The offence of hijacking is committed when a person on board an aircraft in flight1 by the use of force or by threats of any kind unlawfully seizes the aircraft or exercises control of it2. The offence is committed whatever the person's nationality, whatever the state in which the aircraft is registered3, and whether the aircraft is in the United Kingdom4 or elsewhere5. However, the offence is not committed if the aircraft is used in military6, customs or police service7, or if both the place of take off and the place of landing are in the territory of the
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Part 8 of the Corporation Tax Act 2009 (CTA 2009) is a specific corporation tax regime that applies exclusively to the gains and losses of intangible fixed assets. Note, however, that certain intangible fixed assets are excluded from the regime, see Practice Note: Excluded intangible fixed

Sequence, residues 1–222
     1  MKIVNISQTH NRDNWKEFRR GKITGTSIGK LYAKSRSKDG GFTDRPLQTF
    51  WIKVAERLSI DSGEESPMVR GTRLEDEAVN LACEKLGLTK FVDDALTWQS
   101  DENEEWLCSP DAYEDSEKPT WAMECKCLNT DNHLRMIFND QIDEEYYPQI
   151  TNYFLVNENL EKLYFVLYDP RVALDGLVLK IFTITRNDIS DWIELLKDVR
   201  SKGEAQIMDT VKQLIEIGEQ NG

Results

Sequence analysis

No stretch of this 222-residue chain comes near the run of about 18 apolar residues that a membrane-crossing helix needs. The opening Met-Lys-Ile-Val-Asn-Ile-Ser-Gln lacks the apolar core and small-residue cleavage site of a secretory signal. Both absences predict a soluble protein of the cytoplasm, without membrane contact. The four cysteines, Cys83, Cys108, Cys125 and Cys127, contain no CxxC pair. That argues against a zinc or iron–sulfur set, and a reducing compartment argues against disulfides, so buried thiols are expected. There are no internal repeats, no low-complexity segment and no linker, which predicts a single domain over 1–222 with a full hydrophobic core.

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Tipping off and prejudicing an investigationIt would undermine the benefit to the authorities if, a suspicious activity report (SAR) having been made, the alleged offender were to be made aware of the interest in their activities so that they could take steps to cover up their misdeeds or disappear.
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